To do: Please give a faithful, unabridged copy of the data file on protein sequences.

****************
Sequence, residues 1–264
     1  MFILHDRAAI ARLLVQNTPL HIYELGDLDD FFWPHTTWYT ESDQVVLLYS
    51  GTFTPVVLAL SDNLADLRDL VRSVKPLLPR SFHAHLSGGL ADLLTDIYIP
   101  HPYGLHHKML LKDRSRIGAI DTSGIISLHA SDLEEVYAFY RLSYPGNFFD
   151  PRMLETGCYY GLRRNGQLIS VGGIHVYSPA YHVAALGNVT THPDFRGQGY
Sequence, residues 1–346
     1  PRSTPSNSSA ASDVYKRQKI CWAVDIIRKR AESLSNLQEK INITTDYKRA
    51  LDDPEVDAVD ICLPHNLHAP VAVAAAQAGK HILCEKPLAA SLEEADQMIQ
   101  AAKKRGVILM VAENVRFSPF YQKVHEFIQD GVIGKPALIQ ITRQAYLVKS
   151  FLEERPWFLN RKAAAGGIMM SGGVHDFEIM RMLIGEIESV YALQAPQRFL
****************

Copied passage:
Sequence, residues 1–264
     1  MFILHDRAAI ARLLVQNTPL HIYELGDLDD FFWPHTTWYT ESDQVVLLYS
    51  GTFTPVVLAL SDNLADLRDL VRSVKPLLPR SFHAHLSGGL ADLLTDIYIP
   101  HPYGLHHKML LKDRSRIGAI DTSGIISLHA SDLEEVYAFY RLSYPGNFFD
   151  PRMLETGCYY GLRRNGQLIS VGGIHVYSPA YHVAALGNVT THPDFRGQGY
Sequence, residues 1–346
     1  PRSTPSNSSA ASDVYKRQKI CWAVDIIRKR AESLSNLQEK INITTDYKRA
    51  LDDPEVDAVD ICLPHNLHAP VAVAAAQAGK HILCEKPLAA SLEEADQMIQ
   101  AAKKRGVILM VAENVRFSPF YQKVHEFIQD GVIGKPALIQ ITRQAYLVKS
   151  FLEERPWFLN RKAAAGGIMM SGGVHDFEIM RMLIGEIESV YALQAPQRFL